Tuesday, December 21, 2010

To Speck at 32ish months (written a bit late)

Speck in flowered tunic grinningThe last few months have seen the continued emergence of your independent self, more distinct in its tastes and more feisty in its demands. For the first time, you're willing to play by yourself for stretches of time; you'd still like a spectator, but you're willing to build structures for your frogs yourself and narrate their activities. You've also mastered a host of new skills, from jumping with two feet (still an iffy proposition) and pedaling your trike (a stretch) to blowing your nose (a fall cold made you a real expert). You can come along to a few restaurants and eat off the menu right with us, all nonchalant with your fork and cup. And you now lie next to your heap of sleep friends, rather than on top of them, and have even taken to using a pillow at night -- just like real folks! hah.

Your grasp of language also continues to deepen. Many times the awareness of this comes as a surprise to your parents, as you recite a stretch of a favorite book ("A cautionary tale in five chapters"), show interest in every occurrence of a particular word (e.g., pointing to every "up" on a page), or correct us when we deviate in the slightest way from the wording of a library book we've only had for a week or two. Speck, hair in two pigtails, walking on all fours on cobblestonesOther times, it seems a natural extension of your existing interests -- for example, you love to give naturalist lectures based on the book of North American birds (with special attention to the "gaberhorn" category that you invented), jumbling together facts and phrases from all kinds of sources. You're also starting to play with language a bit, making up your own exclamations ("seds!") and playing with nonsense sounds, much to your own amusement. You're also a sponge for idiom, and sometimes leave acquaintances agog when you come out with some ornamented turn of phrase they absolutely weren't expecting from a toddler. (Luckily, to date, nothing profane or embarrassing to parents, at least as far as we know.)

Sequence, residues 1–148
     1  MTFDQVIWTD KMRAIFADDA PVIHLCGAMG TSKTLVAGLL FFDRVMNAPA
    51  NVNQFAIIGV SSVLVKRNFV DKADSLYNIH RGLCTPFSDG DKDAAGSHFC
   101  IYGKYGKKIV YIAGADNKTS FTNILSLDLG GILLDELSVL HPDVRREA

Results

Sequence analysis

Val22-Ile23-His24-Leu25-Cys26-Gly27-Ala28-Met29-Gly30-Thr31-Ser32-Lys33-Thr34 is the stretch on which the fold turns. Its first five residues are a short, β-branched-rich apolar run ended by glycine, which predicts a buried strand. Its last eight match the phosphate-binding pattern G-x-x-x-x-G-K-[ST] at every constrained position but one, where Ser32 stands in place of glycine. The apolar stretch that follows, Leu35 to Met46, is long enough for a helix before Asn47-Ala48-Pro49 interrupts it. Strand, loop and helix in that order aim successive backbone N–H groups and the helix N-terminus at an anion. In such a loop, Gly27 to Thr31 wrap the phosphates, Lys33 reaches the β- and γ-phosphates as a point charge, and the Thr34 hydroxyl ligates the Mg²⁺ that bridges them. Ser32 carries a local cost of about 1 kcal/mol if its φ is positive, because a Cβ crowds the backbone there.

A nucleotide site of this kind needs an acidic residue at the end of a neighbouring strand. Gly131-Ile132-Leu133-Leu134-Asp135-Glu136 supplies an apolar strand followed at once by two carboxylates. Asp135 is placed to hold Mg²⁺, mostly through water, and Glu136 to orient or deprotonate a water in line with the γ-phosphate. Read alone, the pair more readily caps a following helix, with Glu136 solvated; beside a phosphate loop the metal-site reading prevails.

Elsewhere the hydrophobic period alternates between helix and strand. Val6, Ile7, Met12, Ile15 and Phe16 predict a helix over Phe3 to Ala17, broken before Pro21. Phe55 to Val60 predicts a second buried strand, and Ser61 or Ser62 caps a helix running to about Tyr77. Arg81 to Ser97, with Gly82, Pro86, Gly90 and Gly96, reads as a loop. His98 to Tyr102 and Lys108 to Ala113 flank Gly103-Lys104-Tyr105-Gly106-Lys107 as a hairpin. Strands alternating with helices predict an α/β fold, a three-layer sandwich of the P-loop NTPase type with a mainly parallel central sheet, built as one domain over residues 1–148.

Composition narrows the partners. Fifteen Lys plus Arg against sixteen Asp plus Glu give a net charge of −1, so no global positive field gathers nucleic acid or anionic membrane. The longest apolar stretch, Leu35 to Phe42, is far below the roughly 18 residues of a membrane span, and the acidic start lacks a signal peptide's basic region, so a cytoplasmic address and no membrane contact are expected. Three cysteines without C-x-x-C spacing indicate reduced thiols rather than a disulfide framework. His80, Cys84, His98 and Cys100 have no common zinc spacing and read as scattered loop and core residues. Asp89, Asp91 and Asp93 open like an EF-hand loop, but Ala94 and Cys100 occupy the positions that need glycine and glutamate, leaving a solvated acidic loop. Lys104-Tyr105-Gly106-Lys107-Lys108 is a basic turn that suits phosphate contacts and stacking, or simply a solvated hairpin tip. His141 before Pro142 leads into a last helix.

We've also really experienced some of the legendary "terrible two" behavior -- opposition, whining, biting. Amusingly, this sometimes comes with self-narration ("I'm falling to part!"), but it's often exhausting and frustrating to all concerned. Luckily, long stretches of grumpiness are usually interleaved with multiple days of basic cheeriness, giving us a reprieve and a chance to enjoy each other's company again. So I suspect we'll muddle through.

Speck leans on a granite bear, her hair backlit

One source of some excitement this fall was your debut in nursery school. First our top preschool pushed us to start you earlier than we planned, and then our initial "warm-up" visits there left us with a bad feeling about its excessive structure (and/or waiting-around time). A panicked scramble landed us in a much mellower place, and you, for your part, seemed completely untraumatized by the prospect of going to school (perhaps due to much advance reading of "Llama Llama Misses Mama"?) -- you were excited by your new lunchbox, happy about the little games and rituals of the day, and even motivated to take your nap at school like the other kids (certainly a lot sooner than we had expected!). A lot of our insights into your day come from new games that the frogs play -- from circle time with the guitar guy, to nap time with blankies and teddy bears -- and from your pride in understanding more about the calendar and the days of the week. But you also call it your "fun class," so I guess it's a winner on the most important front of all.
Speck, in hairband, on couch with Oball full of frogs
So there you are! We're preparing for an exciting week of Christmas, with a heap of grandparents on hand, and the next time I write to you will be after you turn three! You're growing like a weed and getting busier every day, so I just hope we can keep up with you in the months ahead! Can't wait to find out.

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